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I Forge Iron

Tempering Striking End

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In a previous question I asked a few beginner questions about heat treating tools in a kiln - the advice given was extremely helpful.

One more question, if you all will indulge my desire to use a heat treating oven for as many steps as possible...

I've been experimenting with hardening and tempering my striking tools using only the oven and quenchant. This has been working great with the exception of producing a tool with a hardened striking end... a problem on a number of levels. I may have found a solution to this, but would like to run it by the experts here for a critique or suggestions.

After tempering I've stood the tool up in a shallow metal dish with about half of an inch of water in the bottom, submerging the "business end" of the tool. Then in a darkened shop I've used an acetylene torch to slowly heat up the striking end of the tool to a very slightly red color (just off black) and held it there for a couple of minutes. Then allowed it to air cool, with the part that I want to stay hardened still under water. The thought being that I am not getting the tool over the critical hardening temperature with the torch but the heat should severely temper the striking end and the water should prevent further tempering of the part that I want to remain very hard.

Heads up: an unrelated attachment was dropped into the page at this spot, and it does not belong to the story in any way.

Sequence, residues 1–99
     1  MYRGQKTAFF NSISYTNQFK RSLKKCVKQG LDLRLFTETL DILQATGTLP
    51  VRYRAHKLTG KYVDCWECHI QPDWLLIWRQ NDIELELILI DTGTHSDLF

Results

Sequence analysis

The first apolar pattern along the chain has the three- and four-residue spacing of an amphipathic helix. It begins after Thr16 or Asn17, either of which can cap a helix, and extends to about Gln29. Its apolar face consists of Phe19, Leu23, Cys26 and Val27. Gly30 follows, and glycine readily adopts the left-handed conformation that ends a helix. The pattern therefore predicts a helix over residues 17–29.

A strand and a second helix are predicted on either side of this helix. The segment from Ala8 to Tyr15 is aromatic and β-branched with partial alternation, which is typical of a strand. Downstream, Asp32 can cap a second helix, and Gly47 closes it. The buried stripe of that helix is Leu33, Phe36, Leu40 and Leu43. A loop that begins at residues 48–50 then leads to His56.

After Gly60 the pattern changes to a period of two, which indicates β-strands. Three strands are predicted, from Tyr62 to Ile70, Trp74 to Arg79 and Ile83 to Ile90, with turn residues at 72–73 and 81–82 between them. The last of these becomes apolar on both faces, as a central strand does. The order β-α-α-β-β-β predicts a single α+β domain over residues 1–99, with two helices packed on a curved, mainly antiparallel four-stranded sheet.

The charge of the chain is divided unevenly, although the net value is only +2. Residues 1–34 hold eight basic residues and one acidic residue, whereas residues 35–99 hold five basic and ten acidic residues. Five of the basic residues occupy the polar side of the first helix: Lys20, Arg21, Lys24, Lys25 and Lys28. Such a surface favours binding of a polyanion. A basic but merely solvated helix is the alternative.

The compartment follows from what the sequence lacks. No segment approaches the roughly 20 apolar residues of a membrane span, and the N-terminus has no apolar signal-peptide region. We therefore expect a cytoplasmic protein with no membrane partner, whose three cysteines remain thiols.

This seems to be working and filing the struck end "bites" a bit...

Do I have a good procedure here, or is it back to the drawing (no pun intended!) board?


-- Pete

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We would normally (depending on the size of the tool), heat the stuck end of the tool with the oxy torch till a dull red, then place it hot end downwards into a bucket of sand to cool out slowly, or we make a mound of dirt and shove the hot end into the dirt to cool slowly. This method depends on the size and lenght of the tool, if it is too short yes the heat can run back and pull the temper out of the business end of the tool. Covering the heated end just help to slow the cooling rate, some steels can air harden fairly easily, especially if the heat gets sucked up by the body of the tool.


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For folks new to this discussion do not forget thta in order to avoid hitting a harndened tool lwith a hardened hammer face yoiu can also use a softer hammer. I use a brass one for any work with a hard tool. I also use the brass when cutting over the hot cut hardy, I do not have to worry about damage with this.

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